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No emerging of automatic AI yet
DeeJee0   4/14/2017 2:12:10 PM
My laptop has over 100 pressure sensors on its keybord, a touch sensitive pad, a mouse tracking my hand movements, a microphone, a webcam and bluetooth and wifi too sense the pressence of nearby machines. It has plenty of processing. With the keyboard I feed it with plenty of usable information. When attaching a scanner or camera it collects even more info of the world. Moreover it's connected to the vast worldwide database called the internet.

My phone has most of that too plus a touch screen, an accelerometer, a GPS location device, a sensor sensing 2G and 3G basestations. It has plenty of processing power too. More advanced models sense 4G as well and have fingerprint and iris scanners plus they have NFC.

Over a billion of them are connected to the internet. IP cammera's and other connected devices add to those numbers. Yet I don't see the slightest hint of a spontanous emerging intelligence that was not programmed. I fail to see how adding 10 times more of them with more processing power and bandwith and a few extra types of sensors would do different. That is, without any off them having some sort of AI or at least advanced self-learning capabilities programmed into them.

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Re: What level intelligence?
perl_geek   4/12/2017 1:37:13 PM
Individual learning behaviour has been observed, at least in some bees.

Hofstader's "Aunt Hillary" has yet to be observed, though.

Don Herres
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What level intelligence?
Don Herres   4/11/2017 4:57:13 PM
Ants and bees display high levels of intelligent interaction, but only in colonies or hives.  Intelligence of the nodes could be the same.  Then it bcomes a different question when the collective behaviour is analyzed by another entity (entomologist for humans, AI for computers?).

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Spontaneously arising sentience
DMcCunney   4/11/2017 4:03:19 PM
@Junko Yoshida: Lucio Lanza believes that billions of things, once connected, will eventually embody intelligence. The notion makes us feel a little uneasy.

Back in 1984, William Gibson wrote an SF novel called Neuromancer, which was the first of his "Sprawl" trilogy, followed by Count Zero and Mona Lisa Overdrive.  Gibson didn't own a computer at he time, but his notions about the increasing interconnectedness of systems was prescient.  Part of the underlying premise of the series was that intelligence spontaneously arose in the world wide network, and protagonists interacted with virtual entities thay called Loas (after the Voodoo deities.)

The notion of intelligence spontaneously arising as a sufficient amount of processing power and complexity in the underlying systems is available is not confined to Gibson.  SF writer Robert A. Heinlein has used sentient systems in several novels.  They weren't designed to be sentient, but awoke spontaneously and the human protagonists had to deal with them.  (In one book, the sentient personality of a planetary control computer is downloaded into a cloned human body.  The computer personality is female, loves the male planetary chief executive, wants to become human and his mate, and does.)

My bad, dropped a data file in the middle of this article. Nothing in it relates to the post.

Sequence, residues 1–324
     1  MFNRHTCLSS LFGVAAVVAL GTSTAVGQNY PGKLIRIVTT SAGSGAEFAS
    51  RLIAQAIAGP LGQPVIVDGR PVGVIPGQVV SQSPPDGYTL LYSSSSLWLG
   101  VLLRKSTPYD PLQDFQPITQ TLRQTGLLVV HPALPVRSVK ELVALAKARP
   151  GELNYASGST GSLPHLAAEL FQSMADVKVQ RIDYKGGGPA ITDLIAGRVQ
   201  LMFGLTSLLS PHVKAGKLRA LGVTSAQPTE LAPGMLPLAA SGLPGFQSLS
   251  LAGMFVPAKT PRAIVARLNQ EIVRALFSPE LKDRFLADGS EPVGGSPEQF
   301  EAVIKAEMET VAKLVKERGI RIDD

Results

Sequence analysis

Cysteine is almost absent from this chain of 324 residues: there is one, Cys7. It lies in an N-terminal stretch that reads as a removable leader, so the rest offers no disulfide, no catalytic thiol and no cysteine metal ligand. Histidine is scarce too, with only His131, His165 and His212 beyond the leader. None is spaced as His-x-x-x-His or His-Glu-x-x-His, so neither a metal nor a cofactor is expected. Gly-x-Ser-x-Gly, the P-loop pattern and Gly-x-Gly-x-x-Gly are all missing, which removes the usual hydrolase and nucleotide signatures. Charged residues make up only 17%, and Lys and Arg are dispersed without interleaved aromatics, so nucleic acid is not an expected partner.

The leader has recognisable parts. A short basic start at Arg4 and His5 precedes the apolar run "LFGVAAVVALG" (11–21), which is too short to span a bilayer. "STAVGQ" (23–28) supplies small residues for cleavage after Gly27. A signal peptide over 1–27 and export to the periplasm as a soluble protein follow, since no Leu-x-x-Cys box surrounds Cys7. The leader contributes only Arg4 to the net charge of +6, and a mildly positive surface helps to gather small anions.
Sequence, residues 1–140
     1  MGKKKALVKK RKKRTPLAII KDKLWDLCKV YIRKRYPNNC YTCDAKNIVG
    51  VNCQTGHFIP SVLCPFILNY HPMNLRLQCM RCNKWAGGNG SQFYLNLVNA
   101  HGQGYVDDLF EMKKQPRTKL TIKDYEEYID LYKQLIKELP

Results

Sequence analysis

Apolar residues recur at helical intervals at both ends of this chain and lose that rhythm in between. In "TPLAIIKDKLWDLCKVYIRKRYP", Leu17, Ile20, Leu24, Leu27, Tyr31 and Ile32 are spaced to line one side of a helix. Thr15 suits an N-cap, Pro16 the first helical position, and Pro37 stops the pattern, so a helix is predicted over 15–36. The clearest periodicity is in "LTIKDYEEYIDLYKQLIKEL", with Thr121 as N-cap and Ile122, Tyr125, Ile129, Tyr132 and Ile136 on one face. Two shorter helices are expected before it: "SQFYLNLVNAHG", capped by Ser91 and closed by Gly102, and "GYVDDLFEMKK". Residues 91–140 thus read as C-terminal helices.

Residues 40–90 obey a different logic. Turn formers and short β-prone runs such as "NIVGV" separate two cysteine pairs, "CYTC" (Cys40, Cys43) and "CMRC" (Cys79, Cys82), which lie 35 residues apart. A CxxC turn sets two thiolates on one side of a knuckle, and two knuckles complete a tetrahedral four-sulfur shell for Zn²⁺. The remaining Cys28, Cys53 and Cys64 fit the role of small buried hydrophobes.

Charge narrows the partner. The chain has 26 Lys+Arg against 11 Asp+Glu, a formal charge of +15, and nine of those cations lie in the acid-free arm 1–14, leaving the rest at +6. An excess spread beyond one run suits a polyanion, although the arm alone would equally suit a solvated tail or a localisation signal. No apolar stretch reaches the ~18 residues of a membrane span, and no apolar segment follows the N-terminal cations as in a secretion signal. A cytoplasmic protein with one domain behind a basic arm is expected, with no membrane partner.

I've seen lots of uneasiness, embodied in the question "What happens when your devices are smarter than you are?", with fears that the machines will become a threat to humanity and try to destroy us.  I fail to see why.  A sentient machine might take action against humans if it though they were a threat to its existance (like Skynet in the Terminator movie franchise, reacting to attempts to disable it), but the more likely reaction will be either partnership to achieve mutual goals or simple indifference because human concerns are simply irrelevant to the machines.

SF writer Vernor Vinge dealt wiuth that in his Hugo award winning A Fire Upon the Deep, in which it was possible for AIs to transcend, and become something incomprehensible to us.  Most such entities simply lost interest in communicating with organic life, and went off on their own pursuing goals we can't imagine.  (Vinge was a professor of computer science before his retirement, and has actual topic knowledge, unlike most speculators.)


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Remember Microbes?
klbruenn   4/10/2017 11:12:15 PM
For most of our existence, we have hosted a huge number and variety of microbes in our intestines, and these organisms communicate with each other and with our bodies to establish/maintain health.  The use of antibiotics, pesticides and herbicides in the 20th Century is correlated to increases in the rate of metabolic disorders (obesity, diabetes, etc.).  Arguably, these microbes know more about us than we do, and it is about time that we learn how to cooperate with our biome instead of trying to exploit it.

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